Two oncologists describe common adverse events seen with I/O–TKI combination treatment regimens for advanced renal cell carcinoma and when they choose to stop the therapy.
Eric Jonasch, MD: In terms of your practice, what are the most common adverse events with I/O [immuno-oncology]–TKI [tyrosine kinase inhibitor] regimens in the community that you’re seeing? What’s your strategy is in dealing with those?
Sumeet Bhatia, MD: The major adverse effects we see are hypertension and fatigue. We take care of that with calcium channel blockers and, in some people, ACE inhibitors. Fatigue is a very difficult adverse effect to work on with patients, and that’s a very common cause for dose reductions. I would mirror your experience in that when we use axitinib, it’s very difficult to a higher dose than the 5 mg on the package insert. It’s almost undoable. When we have dealt with cabozantinib in my practice, I’ve struggled to start patients on the full dose as recommended. We’ve universally started at a smaller dose with cabozantinib and worked our way up when necessary. All their fatigue becomes a major issue.
If this patient, had hematuria, how would you have proceeded with the choice of your TKI?
Eric Jonasch, MD: The interesting paradox of hematuria is that TKI–I/O combinations are often quite effective at stopping hematuria. But it raises a question: if you have a patient who comes in and has very small-volume metastatic disease and then has a very large primary tumor mass, this might be the type of patient for whom you’d want to do a nephrectomy up front and move on to managing the metastatic disease. But if I have a patient who comes in and has hematuria and a very worrisome burden of metastatic disease, they frequently end up getting a resolution of that. It’s counterintuitive because you think a TKI might enhance the bleeding. But it generally doesn’t do that.
Sumeet Bhatia, MD: Have you changed your dose of pembrolizumab to every 6 weeks as a companion when you use lenvatinib? Especially in the days of COVID-19, we started doing this. Have you incorporated that practice while you’ve combined them with lenvatinib?
Eric Jonasch, MD: In some patients, we certainly have been doing that. In others [we have] not. It ends up being a question. Using the every-3-week dosing is sometimes a way of touching base with the patient that makes sure we’re staying on top of them from an overall toxicity and well-being perspective. But there are others for whom, from a practicality perspective, we do switch them to every 6 weeks.
Sumeet Bhatia, MD: As we were discussing this regimen, we focused a lot on the toxicity of TKI inhibitors. But what about pembrolizumab? Your patient didn’t double up a low cortisol state and needed replacement. What has been your experience with that in this situation?
Eric Jonasch, MD: We certainly do see I/O toxicities. It’s much less common than with ipilimumab-nivolumab, but we’re seeing the –itises. We’re seeing hypophysitis, we’re seeing colitis, we’re seeing nephritis, and we’re also seeing hepatitis, with the elevation of liver enzymes. We’re managing those, and it’s easier than with ipilimumab-nivolumab across all these I/O–TKI regimens and it’s not super problematic.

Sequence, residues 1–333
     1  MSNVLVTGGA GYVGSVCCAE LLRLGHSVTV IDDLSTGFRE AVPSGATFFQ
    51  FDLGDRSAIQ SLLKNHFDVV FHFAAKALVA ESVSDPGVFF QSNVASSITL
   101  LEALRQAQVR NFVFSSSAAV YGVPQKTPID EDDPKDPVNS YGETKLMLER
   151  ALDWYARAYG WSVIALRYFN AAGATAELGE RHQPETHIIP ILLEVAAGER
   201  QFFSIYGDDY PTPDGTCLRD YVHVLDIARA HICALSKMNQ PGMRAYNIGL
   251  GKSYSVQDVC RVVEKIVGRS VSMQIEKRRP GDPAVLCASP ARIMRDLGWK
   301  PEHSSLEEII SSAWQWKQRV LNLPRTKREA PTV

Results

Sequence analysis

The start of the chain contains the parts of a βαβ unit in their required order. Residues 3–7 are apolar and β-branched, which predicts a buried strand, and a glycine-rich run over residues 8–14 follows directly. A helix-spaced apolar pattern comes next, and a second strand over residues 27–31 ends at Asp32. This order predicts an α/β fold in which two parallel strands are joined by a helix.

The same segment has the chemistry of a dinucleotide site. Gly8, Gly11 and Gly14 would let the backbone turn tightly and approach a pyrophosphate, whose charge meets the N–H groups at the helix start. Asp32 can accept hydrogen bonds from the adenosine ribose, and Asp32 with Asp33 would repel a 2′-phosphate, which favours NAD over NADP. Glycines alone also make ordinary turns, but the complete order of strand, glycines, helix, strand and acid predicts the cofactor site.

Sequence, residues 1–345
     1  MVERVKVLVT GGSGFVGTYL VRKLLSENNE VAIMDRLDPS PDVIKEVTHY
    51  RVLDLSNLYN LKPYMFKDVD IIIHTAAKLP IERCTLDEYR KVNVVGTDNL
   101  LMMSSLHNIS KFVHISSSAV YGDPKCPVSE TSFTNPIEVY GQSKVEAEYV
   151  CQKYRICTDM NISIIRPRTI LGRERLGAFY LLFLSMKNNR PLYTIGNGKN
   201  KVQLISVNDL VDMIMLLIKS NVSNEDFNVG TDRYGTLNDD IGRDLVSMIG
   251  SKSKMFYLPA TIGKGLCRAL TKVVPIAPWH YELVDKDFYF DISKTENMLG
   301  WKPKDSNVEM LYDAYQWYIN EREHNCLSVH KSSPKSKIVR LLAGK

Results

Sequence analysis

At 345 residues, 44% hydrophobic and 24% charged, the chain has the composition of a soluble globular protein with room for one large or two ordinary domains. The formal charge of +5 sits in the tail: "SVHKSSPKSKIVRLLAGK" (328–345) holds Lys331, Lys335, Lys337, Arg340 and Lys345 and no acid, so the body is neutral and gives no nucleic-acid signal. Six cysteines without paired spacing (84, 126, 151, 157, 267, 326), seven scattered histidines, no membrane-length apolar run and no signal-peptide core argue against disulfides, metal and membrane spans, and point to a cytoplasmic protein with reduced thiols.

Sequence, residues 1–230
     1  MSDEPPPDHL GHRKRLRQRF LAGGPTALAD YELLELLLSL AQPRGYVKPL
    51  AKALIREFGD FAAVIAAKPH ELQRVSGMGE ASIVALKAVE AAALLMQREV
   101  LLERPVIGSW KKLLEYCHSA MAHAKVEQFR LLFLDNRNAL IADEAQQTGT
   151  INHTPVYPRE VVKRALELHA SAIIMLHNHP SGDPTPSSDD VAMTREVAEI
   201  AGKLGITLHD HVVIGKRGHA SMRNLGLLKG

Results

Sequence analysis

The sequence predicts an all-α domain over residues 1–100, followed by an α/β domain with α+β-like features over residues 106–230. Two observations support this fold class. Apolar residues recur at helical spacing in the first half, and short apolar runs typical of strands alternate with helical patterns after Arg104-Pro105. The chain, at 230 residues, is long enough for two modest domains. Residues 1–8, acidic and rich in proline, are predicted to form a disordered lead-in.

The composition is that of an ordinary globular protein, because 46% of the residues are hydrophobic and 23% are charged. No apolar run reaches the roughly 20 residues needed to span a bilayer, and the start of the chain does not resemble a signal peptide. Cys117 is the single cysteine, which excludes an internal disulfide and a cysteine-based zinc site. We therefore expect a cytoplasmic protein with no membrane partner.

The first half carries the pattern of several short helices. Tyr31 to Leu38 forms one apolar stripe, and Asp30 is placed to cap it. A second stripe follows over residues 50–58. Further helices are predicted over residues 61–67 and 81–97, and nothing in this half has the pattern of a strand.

Sumeet Bhatia, MD: In your clinical practice, when you see these patients as their creatine starts creeping up, how do you manage that? How do you go about your diagnostic work-up and management considering the possibility that it could be from renal dysfunction, hypertension vs nephritis? What’s your diagnostic work-up, and how do you deal with that?
Eric Jonasch, MD: It’s an interesting challenge. We definitely look at urinary eosinophils. If we’re seeing a significant bump up, the differential diagnosis is TKI-related renal dysfunction, which happens. Oftentimes you’d see that together potentially with proteinuria, but if you’re seeing that the urinary eosinophils are going up, we refer them to nephrology. Sometimes you need to do a biopsy to look at this and better understand it. Fortunately, it’s not happening often, but in those individuals for whom it does happen, more often than not it’s probably I/O related.
Sumeet Bhatia, MD: That boils down to quality of life. Can I ask you to comment or review the subgroup analysis of the CLEAR study of lenvatinib-pembrolizumab in terms of quality-of-life outcomes?
Eric Jonasch, MD: This was interesting. QoL [quality of life] or patient-reported-outcome data are definitely things we’re learning to understand. We’ve had QoL data for ipilimumab-nivolumab. We’ve seen it for axitinib-pembrolizumab and for cabozantinib-nivolumab. In the CLEAR study presented by Bob Motzer in 2021, they used a number of measures, including the fixieand several other tools that compare the quality of life of the people on pembrolizumab-lenvatinib vs sunitinib. The main take-home from this presentation was that the time to deterioration of these metrics was better or longer in the pembrolizumab-lenvatinib arm compared with the sunitinib arm. This demonstrates that quality of life started deteriorating sooner in the sunitinib group. That interpretation is because disease control was much better in the lenvatinib-pembrolizumab arm; that’s why we’re seeing this. We’re still some ways from taking these tools and translating them into what this means for our patients. That’s a key thing we have to get better at.
Transcript edited for clarity.